Ricky Lightfoot Pre-2014 Les Templiers Interview

A video interview with Ricky Lightfoot before the 2014 Grand Trail des Templiers.

By on October 25, 2014 | Comments

While Ricky Lightfoot cut his off-road running teeth on fell running in the U.K., his successes in the world of trail and ultrarunning have since expanded. This weekend he’ll be testing himself against some of the world’s best at the Grand Trail des Trempliers. In the following interview, Ricky talks about how he’ll hydrate in a race with distant checkpoints, why he won’t be running at full capability, how he’s likely to approach the race, and how this race’s team dynamic could come into play.

Be sure to read our full men’s preview to see who else is racing. You can follow our live coverage of Les Templiers on Sunday (overnight Saturday in the U.S.).

[Click here if you can’t see the video above.]

Ricky Lightfoot Pre-2014 Les Templiers Interview Transcript

iRunFar: Bryon Powell of iRunFar here with Ricky Lightfoot before the 2014 Grand Trail des Templiers race. How are you, Ricky?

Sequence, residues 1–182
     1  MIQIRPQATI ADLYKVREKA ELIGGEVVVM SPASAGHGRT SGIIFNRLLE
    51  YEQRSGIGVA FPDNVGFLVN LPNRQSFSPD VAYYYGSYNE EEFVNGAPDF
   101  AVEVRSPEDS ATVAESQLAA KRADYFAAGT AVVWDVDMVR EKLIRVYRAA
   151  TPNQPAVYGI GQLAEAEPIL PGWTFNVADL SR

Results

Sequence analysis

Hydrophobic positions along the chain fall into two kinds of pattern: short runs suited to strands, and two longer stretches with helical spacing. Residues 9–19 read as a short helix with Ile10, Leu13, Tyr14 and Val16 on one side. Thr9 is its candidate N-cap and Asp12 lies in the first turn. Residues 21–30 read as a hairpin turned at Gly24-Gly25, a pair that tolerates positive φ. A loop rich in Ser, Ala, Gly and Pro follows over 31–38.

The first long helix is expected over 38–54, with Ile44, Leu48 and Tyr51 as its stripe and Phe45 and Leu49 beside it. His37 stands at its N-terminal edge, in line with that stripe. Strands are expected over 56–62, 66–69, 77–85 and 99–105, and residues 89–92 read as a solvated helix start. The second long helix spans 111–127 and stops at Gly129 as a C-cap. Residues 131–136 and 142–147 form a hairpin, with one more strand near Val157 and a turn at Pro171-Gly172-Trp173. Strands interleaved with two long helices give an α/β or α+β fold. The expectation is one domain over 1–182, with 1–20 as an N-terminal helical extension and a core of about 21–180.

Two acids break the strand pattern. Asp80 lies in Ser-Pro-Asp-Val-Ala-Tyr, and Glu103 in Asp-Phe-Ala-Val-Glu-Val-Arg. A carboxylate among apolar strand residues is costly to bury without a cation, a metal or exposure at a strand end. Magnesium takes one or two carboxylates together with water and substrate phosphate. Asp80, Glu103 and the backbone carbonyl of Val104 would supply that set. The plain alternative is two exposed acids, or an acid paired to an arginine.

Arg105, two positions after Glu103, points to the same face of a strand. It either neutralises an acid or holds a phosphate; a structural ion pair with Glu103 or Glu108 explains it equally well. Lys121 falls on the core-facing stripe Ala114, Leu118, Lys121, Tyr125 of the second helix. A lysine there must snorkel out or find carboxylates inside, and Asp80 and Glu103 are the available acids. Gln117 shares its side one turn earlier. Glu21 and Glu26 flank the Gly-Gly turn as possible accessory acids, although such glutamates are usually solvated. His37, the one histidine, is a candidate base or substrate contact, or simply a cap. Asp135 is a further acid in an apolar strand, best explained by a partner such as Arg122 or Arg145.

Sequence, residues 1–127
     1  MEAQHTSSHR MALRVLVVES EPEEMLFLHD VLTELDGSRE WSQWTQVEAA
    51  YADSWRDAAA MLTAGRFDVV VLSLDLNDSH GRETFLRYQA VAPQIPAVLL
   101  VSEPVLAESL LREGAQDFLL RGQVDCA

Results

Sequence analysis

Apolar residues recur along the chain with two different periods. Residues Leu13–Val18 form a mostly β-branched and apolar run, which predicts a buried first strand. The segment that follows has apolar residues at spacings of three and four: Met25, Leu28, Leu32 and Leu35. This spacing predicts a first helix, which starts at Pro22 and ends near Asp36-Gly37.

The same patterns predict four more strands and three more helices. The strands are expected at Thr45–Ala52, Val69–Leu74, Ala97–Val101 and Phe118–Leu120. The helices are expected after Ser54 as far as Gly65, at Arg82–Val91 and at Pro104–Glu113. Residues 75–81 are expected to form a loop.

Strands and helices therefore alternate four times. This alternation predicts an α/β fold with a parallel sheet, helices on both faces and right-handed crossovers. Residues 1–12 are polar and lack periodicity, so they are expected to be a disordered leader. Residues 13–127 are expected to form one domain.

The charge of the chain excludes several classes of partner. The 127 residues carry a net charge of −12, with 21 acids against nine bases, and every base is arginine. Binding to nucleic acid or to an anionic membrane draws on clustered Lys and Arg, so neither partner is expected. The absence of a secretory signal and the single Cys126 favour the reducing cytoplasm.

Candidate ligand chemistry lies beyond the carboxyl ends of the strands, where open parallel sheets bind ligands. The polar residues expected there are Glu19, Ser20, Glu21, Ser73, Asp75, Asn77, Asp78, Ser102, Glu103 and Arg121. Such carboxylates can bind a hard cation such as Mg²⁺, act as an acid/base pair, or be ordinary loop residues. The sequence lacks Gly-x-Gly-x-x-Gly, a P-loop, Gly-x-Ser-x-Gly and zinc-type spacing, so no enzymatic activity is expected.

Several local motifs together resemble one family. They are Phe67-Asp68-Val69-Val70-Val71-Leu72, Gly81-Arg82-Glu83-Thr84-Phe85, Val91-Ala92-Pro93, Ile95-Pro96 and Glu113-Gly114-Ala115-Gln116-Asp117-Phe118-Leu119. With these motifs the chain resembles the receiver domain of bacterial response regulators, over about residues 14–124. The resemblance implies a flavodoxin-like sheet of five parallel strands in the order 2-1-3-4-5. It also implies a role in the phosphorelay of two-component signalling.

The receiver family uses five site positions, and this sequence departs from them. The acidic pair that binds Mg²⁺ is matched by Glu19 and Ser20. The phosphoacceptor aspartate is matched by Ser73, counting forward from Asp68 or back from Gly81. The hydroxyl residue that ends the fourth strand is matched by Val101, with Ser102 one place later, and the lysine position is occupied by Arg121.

Ricky Lightfoot: Great. It’s great to get some winter sun from the U.K.

iRunFar: It’s already winter up there?

Lightfoot: Yeah, it’s pretty cold and miserable. But yeah, we’ve had a good summer just the weather has turned a bit sour.

iRunFar: So these will be pretty hot temperatures come the end of the race tomorrow?

Lightfoot: Yeah, it’s really cold in the morning, but when 12:00 midday strikes, it gets really hot. I think hydration is going to be key in this race.

iRunFar: It’s interesting because the hydration points can be pretty far apart on this one.

Lightfoot: Yeah, they’re pretty far apart, but I think we have got to carry water, obviously, but I think they’re sufficient enough for a race of this distance which is 44 miles or something like that. So yeah, I think it’s okay.

iRunFar: You’ll make do?